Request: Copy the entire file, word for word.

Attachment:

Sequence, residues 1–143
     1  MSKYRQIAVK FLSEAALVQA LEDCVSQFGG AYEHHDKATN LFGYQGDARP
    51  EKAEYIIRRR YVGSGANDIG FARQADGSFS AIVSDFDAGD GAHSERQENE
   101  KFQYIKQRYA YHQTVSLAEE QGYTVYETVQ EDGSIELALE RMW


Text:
Sequence, residues 1–143
     1  MSKYRQIAVK FLSEAALVQA LEDCVSQFGG AYEHHDKATN LFGYQGDARP
    51  EKAEYIIRRR YVGSGANDIG FARQADGSFS AIVSDFDAGD GAHSERQENE
   101  KFQYIKQRYA YHQTVSLAEE QGYTVYETVQ EDGSIELALE RMW